The Ferrari 296 GTB’s numerous innovations include something special for the ears.
No, it’s not a high-tech, multi-speaker entertainment system.
This advancement ensures the sport car’s occupants get to enjoy every note coming from the 296 GTB’s 645-hp, V-6 engine.
Ferrari says the addition of turbochargers and after-treatment systems have gradually dampened its engines’ distinctive sounds, which are revered by the brand’s loyal customers.
Ferrari sound engineers also wanted to make sure the new V-6 engine could match the high-frequency notes of a naturally aspirated V-12.
The solution was to use a so-called “hot tube” that amplifies the sound from the exhaust manifolds, while a “cold tube” takes care of the air intake sound (see graphic, below).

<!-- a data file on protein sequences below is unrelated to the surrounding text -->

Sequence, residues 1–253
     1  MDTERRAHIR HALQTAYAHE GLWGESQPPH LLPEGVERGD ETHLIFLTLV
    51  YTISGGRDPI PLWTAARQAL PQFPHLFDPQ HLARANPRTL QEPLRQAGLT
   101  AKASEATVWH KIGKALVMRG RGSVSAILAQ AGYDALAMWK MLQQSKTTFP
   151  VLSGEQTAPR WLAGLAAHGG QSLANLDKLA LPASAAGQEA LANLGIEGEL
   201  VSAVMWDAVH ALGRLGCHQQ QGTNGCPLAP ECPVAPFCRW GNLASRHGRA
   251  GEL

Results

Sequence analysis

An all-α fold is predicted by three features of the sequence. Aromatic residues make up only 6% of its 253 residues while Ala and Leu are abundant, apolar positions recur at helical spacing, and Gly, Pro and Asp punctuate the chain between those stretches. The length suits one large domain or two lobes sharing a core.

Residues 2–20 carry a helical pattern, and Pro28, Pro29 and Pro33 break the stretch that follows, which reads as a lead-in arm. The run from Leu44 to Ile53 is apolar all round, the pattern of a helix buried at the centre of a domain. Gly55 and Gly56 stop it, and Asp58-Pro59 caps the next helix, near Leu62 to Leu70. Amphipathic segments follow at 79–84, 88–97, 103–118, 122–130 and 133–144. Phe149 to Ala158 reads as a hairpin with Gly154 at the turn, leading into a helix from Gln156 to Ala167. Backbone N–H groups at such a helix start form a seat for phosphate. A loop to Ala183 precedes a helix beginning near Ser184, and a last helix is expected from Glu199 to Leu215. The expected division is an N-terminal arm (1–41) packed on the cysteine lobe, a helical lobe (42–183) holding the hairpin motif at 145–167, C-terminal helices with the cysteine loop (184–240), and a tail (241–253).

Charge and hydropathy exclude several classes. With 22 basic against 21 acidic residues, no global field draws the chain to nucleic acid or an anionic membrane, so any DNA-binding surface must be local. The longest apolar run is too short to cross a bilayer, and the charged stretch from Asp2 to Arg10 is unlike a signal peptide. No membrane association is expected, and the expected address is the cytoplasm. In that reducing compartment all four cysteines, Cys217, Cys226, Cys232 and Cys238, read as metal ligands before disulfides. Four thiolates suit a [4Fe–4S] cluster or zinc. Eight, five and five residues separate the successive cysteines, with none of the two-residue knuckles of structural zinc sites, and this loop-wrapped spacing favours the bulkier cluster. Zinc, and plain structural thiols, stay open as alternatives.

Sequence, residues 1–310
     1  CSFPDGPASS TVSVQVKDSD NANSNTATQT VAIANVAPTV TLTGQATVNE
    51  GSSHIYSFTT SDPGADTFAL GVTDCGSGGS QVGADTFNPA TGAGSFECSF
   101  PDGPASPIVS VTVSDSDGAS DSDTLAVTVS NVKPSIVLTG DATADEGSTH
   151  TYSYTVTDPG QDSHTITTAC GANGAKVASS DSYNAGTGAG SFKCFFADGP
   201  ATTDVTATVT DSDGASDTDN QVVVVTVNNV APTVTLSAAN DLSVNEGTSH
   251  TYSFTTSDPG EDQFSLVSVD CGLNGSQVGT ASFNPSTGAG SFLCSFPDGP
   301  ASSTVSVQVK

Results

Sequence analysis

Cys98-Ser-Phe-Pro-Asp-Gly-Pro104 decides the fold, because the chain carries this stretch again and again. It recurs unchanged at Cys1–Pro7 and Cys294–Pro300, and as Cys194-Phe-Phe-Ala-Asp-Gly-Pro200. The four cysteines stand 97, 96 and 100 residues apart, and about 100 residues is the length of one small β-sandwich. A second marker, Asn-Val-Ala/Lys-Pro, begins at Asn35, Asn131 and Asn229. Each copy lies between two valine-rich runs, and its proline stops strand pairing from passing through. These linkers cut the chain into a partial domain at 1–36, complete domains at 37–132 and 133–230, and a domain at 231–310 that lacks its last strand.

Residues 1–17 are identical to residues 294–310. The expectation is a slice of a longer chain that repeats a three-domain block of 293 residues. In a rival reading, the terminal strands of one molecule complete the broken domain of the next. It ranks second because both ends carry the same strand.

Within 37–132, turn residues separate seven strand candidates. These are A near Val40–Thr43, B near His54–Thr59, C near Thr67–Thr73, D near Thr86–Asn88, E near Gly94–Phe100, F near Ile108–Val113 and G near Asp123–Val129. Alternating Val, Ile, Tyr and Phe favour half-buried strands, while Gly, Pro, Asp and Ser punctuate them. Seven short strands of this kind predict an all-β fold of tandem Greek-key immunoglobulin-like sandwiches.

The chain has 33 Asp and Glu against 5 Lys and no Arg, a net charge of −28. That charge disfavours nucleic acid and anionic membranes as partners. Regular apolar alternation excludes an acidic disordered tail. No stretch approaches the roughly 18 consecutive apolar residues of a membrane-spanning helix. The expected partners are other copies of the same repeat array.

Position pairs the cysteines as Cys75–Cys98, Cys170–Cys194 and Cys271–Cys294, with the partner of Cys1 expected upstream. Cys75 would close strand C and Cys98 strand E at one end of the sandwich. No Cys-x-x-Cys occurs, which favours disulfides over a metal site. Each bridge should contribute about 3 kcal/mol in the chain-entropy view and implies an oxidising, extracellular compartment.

The engine’s melodies are fed into the cockpit before they get muted by the 296 GTB’s turbos and its gasoline particle filter.
“The tubes work like a stethoscope,” Ferrari sound specialist Antonio Palermo said.
Both tubes have a special membrane that acts as a resonator. Acoustic vibrations travel through two separate systems of tubes, bringing frequencies from inside the engine to the cabin.
The big challenge for Ferrari’s engineers was to make the resonator as durable as possible but also as flexible as possible so it can transfer all the engine’s frequencies, Palermo said without revealing any of the tricks used to achieving this balance.
A similar system is used in the F8 and the SF90, which have turbocharged V-8 engines.
No such system is used on Ferrari’s front-mounted naturally aspirated V-12 models such as the 812, or the brand’s range of GT cars such as the Ferrari Roma and Portofino M.
There is one drawback to the 296 GTB’s system: It increases the overall noise level in the cabin, Ferrari said without revealing by how much.
The sports car maker isn’t worried, however, because that extra noise is like music to its customers’ ears.